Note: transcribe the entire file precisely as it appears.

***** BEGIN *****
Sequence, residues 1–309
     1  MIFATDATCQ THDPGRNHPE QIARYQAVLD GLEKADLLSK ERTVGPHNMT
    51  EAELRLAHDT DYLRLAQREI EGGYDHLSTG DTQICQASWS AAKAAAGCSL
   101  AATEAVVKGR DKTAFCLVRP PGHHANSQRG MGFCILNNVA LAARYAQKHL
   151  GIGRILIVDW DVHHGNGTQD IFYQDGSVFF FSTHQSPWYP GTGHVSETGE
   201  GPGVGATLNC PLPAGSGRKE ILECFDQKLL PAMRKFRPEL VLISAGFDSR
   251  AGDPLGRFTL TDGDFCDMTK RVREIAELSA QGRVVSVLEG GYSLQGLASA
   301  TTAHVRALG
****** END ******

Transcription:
Sequence, residues 1–309
     1  MIFATDATCQ THDPGRNHPE QIARYQAVLD GLEKADLLSK ERTVGPHNMT
    51  EAELRLAHDT DYLRLAQREI EGGYDHLSTG DTQICQASWS AAKAAAGCSL
   101  AATEAVVKGR DKTAFCLVRP PGHHANSQRG MGFCILNNVA LAARYAQKHL
   151  GIGRILIVDW DVHHGNGTQD IFYQDGSVFF FSTHQSPWYP GTGHVSETGE
   201  GPGVGATLNC PLPAGSGRKE ILECFDQKLL PAMRKFRPEL VLISAGFDSR
   251  AGDPLGRFTL TDGDFCDMTK RVREIAELSA QGRVVSVLEG GYSLQGLASA
   301  TTAHVRALG